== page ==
Many of us only do business stateside, but there is a lot to be learned from the way businesses function internationally. Japanese business stands in stark contrast to the way business is done in the United States.
In Japan, employees do not switch companies. When one is hired, it is considered an honor to be employed and a great offense to ever leave the company. When I first heard this I was a little taken back. What about the company culture made it shameful to ever leave?
The answer? Everything. In Japan, your company is your family. Any problem of your family or personal life is discussed with your team leader. All vacations are taken together as a company. It’s family. Many companies even go so far as to have a company song which they sing together in the mornings as a sort of pledge of allegiance.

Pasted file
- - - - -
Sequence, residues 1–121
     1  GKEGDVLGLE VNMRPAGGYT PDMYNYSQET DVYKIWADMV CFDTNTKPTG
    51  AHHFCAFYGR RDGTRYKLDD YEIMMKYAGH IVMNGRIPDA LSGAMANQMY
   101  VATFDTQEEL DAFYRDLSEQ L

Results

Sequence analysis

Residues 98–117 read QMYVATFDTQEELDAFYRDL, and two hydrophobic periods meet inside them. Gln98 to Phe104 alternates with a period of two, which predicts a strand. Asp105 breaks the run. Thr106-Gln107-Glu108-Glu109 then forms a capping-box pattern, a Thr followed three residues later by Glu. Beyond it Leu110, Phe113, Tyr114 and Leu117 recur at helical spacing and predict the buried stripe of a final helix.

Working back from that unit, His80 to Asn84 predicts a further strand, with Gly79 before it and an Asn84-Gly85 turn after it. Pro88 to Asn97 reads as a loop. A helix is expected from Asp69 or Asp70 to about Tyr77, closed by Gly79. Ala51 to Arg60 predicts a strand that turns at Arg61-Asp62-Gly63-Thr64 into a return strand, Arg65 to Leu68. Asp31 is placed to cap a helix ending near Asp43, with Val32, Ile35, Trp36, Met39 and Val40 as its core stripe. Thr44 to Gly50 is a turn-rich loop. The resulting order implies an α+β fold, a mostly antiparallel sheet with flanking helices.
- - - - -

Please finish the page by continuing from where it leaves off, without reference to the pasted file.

So, am I asking you to go this far? No. But I am presenting a question for you to think of this week: do your team members have a reason to stay?
You might think this is their problem, not yours, and, frankly, I get that. You are not responsible for the happiness of everyone. Happiness is a personal responsibility. But you, more than anyone, are responsible for the team environment. This may sound like a burden, but it can actually be a blast to create traditions and team dynamics that give people a reason to stay. This doesn’t happen in one day and does take significant thought. Especially as you evaluate what kind of team you have.
This is a short post, but I prefer you take more time thinking about the question than reading the post.